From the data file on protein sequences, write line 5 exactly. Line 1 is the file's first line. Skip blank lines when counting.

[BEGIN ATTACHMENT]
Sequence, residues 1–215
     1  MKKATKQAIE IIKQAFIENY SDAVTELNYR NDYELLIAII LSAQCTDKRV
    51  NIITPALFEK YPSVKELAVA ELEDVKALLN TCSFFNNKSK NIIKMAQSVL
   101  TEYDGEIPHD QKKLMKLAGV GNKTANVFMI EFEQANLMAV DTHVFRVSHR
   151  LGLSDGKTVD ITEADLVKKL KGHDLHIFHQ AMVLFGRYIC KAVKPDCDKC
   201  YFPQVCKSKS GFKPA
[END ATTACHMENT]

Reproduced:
   151  LGLSDGKTVD ITEADLVKKL KGHDLHIFHQ AMVLFGRYIC KAVKPDCDKC